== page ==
The World Is Will & Communication
A Philosophy for the 21st Century
Ok, so here is the biggest social problem of them all: humans are, almost by definition, willful creatures. I would argue that it is not our intelligence or our emotionality that makes us unique and special. It is our will.
Few philosophers have properly and directly focused on will. Most notably is “Nietzsche’s Will to Power”. But I place that all in quotes because it is likely that he borrowed/learned from another philosopher whose main work was “The World as Will and Representation/Idea”: Arthur Schopenhauer. But we are not here to debate who said it first, we are here to discuss will directly.
Going beyond philosophy, it is obviously hard for social scientists to study “will” and of itself. What do you test for? A person’s decision-making? What choices did they have in the first place? Some have studied decision-making, and this does in fact seem to be the closest we can get to “will” itself. But what is will anyway?
Will = Idea + Communication
Although there are better ways to define will, this is the formulation that most people are likely to understand most easily. “Will” is a combination of idea and communication in the sense that there must be something to start with. Something concrete yet intangible. Perhaps ephemeral like a momentary thought. An idea. But then, it must interact with something else in some way. It must express itself. Verbally, visually, physically. It doesn’t matter how, the important part is that there must be some communication of the idea, otherwise it can’t even exist in a vacuum (this will be the topic for another article, but in essence it means that someone with an idea must be able to conceive of it by communicating it to himself/herself).
Now, think of the word will. It can have many meanings.
It can be a legal document about what should happen to your “stuff” after death. It can be a verb signaling that something “will” take place in the future or a request for something to happen in the future (“will you please __?”). But all of these, as well as the concept of “will” have one thing in common: intentionality/expectation.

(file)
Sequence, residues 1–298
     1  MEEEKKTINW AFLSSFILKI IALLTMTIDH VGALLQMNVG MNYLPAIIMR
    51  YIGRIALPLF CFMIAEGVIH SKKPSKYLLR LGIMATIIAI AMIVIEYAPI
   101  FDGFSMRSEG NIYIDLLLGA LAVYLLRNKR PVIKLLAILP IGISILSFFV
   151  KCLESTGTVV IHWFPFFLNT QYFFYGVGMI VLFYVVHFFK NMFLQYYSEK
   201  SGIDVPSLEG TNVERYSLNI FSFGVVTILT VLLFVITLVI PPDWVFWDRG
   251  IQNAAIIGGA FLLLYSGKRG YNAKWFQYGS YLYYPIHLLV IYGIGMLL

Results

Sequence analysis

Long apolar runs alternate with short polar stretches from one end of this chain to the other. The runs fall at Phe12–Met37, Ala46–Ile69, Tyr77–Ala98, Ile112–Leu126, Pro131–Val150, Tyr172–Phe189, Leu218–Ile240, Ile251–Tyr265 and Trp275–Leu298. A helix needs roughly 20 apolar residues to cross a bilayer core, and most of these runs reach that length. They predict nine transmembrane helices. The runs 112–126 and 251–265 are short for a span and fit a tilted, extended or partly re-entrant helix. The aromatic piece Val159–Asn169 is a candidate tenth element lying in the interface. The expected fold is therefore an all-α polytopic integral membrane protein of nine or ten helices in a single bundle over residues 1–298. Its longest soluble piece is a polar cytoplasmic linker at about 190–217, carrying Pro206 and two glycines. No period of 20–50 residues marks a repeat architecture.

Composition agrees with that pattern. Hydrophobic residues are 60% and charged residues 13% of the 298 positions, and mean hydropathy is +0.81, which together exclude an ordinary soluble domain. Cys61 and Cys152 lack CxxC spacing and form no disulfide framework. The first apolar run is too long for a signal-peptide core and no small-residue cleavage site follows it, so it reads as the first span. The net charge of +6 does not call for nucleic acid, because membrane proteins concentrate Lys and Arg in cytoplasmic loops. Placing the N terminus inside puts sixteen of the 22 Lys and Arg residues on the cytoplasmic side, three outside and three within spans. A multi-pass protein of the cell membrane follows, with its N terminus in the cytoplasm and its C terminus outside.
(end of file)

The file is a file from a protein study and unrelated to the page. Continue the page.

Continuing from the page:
“The road to hell is paved with good intentions”
In the same way that “correlation is not causation” (a phrase often abused by people trying to sound educated), “causality is not intentionality”. What we mean here is that just because something happened, it does not mean that it was intentional, and just because someone had an intention, it does not mean that they got the result they intended. That is perhaps why the phrase above is so well-known across so many languages. Sometimes you try to do something good and you are labeled the bad guy: sometimes a bad guy is acting purely out of self-interest and s/he is labelled as an angel.
And that is what makes all of this so complicated.
But it is not going to be solved in one short essay. It’s just not.
Logic, Ethics and Philosophy
In the same way that I defined “Will = Idea and Communication”, I am going to do my absolute best to summarize all of the answers into the simplest and most basic of terms. And here they are:
The Logic of 2=1
The Ethic of Sonderbodhi
The Philosophy of Both-Yet-Neither
All of these will eventually come together to help us make sense of the mothership of social problems: morality.
Whether it is politics, religion, law, justice, etc…. we have developed endless systems and methods to determine the morality of human actions. And at the center of it all is, you guessed it: will.
But the problem here is that none of this is as simple as it sounds. There is a reason why logic is not common sense (despite what any ‘smart and logical’ stable genius might tell you). There is a reason why ethics is still very often debated and it is often culture-dependent. And there is a reason why philosophy touches on pretty much all disciplines while still maintaining its own status as one. Many educated folks would argue that philosophy is the parent of all other disciplines which eventually branch off from it (after all, philosophy is by definition the “love of wisdom”).
Regardless of how you feel about philosophy’s status as a legitimate science, just hear me out as I explain all of this in a series of articles.
Who knows, you might have a new understanding of math, physics and social science when we are finished.